Singapore: Controversy Around Elected Presidency

1999

Dr Chua Beng Huat

The National Day Parade on 9 August has become an annual event for the staging of nationhood. This year's parade marks the last for the first Elected President, Ong Teng Cheong. He had announced during a press briefing in July that he would not seek another term of office after his term of office expires on 31 August, but not because of ill-health, referring to his publicly known cancer. During the briefing, he disclosed that the civil service had been slow, if not reluctant, in providing him with the financial figures of the national reserve, for which he is constitutionally-bound to safeguard from its being drawn down irresponsibly by the government.

Furthermore, some ministers might have found his office a nuisance. Given the PAP government's stance that an accusation unanswered is an accusation admitted, the President's public airing had to be countered. The reply was delayed on account of the untimely death of the First Lady, Mrs Ong Teng Cheong. In the 17 August parliamentary session, Prime Minister, Goh Chok Tong, answered point for point the President's criticisms. In addition, he pointed out that the Cabinet, based on medical reports, had decided and accordingly informed the President that it would not support his earlier expressed desire to seek re-election. Whether this withdrawal of support affected the President's decision remains an open question.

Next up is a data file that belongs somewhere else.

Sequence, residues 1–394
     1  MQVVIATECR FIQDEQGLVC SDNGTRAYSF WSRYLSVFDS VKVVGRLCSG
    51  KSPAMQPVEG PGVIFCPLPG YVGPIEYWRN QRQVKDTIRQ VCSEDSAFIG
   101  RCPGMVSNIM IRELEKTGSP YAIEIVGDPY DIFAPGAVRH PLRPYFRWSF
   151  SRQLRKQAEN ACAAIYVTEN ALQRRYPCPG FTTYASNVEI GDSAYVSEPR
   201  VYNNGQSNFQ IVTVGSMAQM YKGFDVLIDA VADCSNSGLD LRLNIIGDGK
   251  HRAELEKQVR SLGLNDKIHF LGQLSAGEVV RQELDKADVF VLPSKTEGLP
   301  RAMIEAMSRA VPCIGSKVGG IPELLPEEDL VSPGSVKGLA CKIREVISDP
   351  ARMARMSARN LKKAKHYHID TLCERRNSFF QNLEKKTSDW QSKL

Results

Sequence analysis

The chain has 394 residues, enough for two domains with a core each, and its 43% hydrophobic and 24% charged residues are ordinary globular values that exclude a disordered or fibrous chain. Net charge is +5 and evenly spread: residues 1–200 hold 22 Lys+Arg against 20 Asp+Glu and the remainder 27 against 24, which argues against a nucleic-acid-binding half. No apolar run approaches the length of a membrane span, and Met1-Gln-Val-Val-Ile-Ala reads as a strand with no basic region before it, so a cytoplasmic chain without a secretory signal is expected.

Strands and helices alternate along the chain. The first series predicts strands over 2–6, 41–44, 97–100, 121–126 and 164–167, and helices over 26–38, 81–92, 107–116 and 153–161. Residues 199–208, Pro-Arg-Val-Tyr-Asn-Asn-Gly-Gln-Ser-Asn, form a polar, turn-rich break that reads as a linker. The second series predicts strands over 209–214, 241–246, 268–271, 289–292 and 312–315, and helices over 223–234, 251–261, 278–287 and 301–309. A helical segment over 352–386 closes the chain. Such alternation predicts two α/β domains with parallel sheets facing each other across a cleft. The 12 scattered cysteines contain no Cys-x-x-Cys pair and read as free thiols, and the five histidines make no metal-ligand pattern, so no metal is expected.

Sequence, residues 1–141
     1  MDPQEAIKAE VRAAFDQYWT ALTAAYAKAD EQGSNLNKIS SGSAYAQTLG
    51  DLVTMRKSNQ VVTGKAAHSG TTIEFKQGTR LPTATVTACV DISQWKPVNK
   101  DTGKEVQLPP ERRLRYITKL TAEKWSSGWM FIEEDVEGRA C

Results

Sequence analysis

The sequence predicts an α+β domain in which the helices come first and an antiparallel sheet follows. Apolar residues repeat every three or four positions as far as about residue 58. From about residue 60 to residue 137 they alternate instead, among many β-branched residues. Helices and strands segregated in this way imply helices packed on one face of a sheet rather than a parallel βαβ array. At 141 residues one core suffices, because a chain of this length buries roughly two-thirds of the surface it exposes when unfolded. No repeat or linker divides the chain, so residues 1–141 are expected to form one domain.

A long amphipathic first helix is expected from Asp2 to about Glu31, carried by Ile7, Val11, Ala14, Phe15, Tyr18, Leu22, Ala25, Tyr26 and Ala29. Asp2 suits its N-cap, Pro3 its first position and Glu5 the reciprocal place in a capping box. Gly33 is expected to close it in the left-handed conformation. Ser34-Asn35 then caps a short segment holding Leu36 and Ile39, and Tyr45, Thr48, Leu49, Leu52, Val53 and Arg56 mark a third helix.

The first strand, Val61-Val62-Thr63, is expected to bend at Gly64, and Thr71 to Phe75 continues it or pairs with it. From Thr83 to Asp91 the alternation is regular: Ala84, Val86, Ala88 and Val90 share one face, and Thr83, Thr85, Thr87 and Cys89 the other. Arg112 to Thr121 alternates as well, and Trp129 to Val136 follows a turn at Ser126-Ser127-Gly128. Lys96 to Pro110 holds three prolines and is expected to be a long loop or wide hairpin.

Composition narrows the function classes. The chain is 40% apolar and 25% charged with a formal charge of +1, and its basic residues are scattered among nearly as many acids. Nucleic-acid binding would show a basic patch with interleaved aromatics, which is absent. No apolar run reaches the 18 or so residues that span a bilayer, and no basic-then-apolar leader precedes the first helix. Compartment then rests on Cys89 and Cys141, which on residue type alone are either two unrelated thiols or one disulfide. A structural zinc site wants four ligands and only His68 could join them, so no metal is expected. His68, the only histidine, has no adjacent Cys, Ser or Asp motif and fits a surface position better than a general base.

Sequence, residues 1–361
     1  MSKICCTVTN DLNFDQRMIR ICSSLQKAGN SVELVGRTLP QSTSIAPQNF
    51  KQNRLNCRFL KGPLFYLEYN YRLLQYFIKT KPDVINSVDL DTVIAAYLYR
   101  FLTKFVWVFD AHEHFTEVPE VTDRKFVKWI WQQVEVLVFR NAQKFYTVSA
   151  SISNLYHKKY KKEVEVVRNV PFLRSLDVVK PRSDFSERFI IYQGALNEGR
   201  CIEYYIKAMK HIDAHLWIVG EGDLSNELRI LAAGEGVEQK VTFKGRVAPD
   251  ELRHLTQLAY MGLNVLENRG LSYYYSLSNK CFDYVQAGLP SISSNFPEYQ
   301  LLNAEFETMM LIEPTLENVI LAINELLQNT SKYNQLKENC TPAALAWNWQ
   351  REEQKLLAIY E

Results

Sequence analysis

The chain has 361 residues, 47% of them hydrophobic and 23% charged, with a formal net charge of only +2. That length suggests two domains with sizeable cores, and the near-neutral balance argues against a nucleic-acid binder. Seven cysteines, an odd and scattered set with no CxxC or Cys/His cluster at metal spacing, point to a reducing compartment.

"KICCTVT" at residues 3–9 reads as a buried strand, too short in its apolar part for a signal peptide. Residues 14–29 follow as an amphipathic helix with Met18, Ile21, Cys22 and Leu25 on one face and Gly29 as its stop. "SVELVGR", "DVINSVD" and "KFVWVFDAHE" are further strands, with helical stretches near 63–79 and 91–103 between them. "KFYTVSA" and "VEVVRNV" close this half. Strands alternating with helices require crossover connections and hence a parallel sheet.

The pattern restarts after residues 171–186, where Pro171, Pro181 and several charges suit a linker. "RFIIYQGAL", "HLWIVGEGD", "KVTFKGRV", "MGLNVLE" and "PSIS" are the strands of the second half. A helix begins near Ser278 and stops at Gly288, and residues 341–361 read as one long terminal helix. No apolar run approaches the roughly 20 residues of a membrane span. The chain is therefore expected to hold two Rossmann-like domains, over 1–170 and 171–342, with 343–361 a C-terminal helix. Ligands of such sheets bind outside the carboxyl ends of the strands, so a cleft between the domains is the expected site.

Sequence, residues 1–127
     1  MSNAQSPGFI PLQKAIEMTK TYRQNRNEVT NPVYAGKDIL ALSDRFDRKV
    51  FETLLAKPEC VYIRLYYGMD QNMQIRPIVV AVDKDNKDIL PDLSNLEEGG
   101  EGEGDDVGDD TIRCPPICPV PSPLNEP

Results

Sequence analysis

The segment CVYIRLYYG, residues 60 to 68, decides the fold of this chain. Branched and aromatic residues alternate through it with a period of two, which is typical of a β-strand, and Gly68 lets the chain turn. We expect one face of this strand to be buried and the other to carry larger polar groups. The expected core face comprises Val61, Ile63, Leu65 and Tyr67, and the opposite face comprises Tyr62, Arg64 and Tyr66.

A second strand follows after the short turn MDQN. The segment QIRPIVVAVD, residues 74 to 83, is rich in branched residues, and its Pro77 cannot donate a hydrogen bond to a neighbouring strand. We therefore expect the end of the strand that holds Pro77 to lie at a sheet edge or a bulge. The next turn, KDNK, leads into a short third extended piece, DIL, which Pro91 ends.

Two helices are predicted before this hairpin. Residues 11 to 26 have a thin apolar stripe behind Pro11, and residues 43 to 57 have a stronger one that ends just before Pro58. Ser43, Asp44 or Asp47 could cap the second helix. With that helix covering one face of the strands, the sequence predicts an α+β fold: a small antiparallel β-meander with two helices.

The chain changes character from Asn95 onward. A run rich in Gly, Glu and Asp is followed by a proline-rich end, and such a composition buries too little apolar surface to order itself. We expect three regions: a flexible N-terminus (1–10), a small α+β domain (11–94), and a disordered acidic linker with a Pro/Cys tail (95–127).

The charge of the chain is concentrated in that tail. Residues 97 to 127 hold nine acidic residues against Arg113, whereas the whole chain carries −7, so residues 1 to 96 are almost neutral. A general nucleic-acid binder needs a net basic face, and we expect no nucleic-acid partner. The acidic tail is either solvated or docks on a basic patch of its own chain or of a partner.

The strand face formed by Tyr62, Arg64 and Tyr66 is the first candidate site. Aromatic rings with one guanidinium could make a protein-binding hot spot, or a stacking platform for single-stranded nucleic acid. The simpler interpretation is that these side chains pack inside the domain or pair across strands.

In the interim, the government reasserts its position that the Elected Presidency is strictly a custodial office with no executive function in government. Subsequent search for candidates for the Elected Presidential Office came up with exactly one name, nominated by the cabinet itself. He is seventy-five years old S.R. Nathan, a career civil servant who is currently ambassador-at-large and Director of the Institute of Defense and Strategic Studies at the Nanyang Technological University. On nomination day, 18 August, he was duly declared the next President.

As if to counter suggestions, voiced in some quarters, that Mr Nathan may not be widely known among the populace, after his acclamation the mass media prepared very substantial accounts, laced with interviews, of his past positions, achievements and habits of everyday life. Statements of support from those who had the opportunity to work with him were also publicized. As to his future activities, Mr Nathan suggests that his term in office will help to shape the working relations between the government and the office of the Elected Presidency, which is still in its infancy, presaging the possible public airing of differences.

WATCHPOINT: The likelihood of substantial differences between the President and the Government is low, as he will be working within the guidelines of a White Paper, drawn up between Prime Minister Goh and incumbent President Ong.

 

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